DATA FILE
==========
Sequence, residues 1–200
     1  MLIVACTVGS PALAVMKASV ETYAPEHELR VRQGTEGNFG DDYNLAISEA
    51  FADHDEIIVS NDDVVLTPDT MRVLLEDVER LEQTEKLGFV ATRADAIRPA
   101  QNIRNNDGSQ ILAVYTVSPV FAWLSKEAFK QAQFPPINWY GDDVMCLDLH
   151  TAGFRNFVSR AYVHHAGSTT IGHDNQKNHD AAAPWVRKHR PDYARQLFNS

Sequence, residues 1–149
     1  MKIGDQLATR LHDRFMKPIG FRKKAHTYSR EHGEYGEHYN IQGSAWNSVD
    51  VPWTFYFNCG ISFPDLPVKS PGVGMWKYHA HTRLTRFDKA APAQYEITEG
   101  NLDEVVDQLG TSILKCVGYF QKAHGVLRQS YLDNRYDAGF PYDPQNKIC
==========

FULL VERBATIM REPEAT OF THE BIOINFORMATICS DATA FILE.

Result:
Sequence, residues 1–200
     1  MLIVACTVGS PALAVMKASV ETYAPEHELR VRQGTEGNFG DDYNLAISEA
    51  FADHDEIIVS NDDVVLTPDT MRVLLEDVER LEQTEKLGFV ATRADAIRPA
   101  QNIRNNDGSQ ILAVYTVSPV FAWLSKEAFK QAQFPPINWY GDDVMCLDLH
   151  TAGFRNFVSR AYVHHAGSTT IGHDNQKNHD AAAPWVRKHR PDYARQLFNS

Sequence, residues 1–149
     1  MKIGDQLATR LHDRFMKPIG FRKKAHTYSR EHGEYGEHYN IQGSAWNSVD
    51  VPWTFYFNCG ISFPDLPVKS PGVGMWKYHA HTRLTRFDKA APAQYEITEG
   101  NLDEVVDQLG TSILKCVGYF QKAHGVLRQS YLDNRYDAGF PYDPQNKIC